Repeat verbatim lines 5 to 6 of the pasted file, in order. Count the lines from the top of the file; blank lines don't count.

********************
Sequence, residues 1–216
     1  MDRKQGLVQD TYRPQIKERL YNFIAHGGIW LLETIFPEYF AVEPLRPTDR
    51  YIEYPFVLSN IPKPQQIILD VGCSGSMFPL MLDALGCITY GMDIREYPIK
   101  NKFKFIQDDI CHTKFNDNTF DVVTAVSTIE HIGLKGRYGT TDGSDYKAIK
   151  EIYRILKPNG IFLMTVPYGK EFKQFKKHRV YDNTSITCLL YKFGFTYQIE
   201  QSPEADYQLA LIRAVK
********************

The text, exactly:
   151  EIYRILKPNG IFLMTVPYGK EFKQFKKHRV YDNTSITCLL YKFGFTYQIE
   201  QSPEADYQLA LIRAVK